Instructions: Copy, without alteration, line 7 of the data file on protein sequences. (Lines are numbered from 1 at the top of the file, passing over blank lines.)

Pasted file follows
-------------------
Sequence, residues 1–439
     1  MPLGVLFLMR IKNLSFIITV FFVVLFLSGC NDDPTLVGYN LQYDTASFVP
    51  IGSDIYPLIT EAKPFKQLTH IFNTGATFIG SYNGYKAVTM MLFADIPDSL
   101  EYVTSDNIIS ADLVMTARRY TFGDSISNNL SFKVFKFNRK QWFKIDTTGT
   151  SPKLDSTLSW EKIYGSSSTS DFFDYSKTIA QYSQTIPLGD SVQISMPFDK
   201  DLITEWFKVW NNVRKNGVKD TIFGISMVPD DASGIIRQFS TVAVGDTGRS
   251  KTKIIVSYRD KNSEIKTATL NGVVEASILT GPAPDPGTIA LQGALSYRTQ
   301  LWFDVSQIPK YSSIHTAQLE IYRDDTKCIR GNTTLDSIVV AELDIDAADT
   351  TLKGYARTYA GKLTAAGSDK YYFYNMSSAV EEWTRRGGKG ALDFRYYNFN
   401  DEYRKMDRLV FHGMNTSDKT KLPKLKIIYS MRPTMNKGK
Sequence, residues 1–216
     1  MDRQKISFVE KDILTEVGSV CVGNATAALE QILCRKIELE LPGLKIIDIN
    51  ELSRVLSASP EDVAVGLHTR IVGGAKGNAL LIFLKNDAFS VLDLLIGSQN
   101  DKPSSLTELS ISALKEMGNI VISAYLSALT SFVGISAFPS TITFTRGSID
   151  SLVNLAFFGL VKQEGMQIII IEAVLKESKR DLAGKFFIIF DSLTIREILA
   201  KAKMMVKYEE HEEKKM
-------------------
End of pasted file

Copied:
   251  KTKIIVSYRD KNSEIKTATL NGVVEASILT GPAPDPGTIA LQGALSYRTQ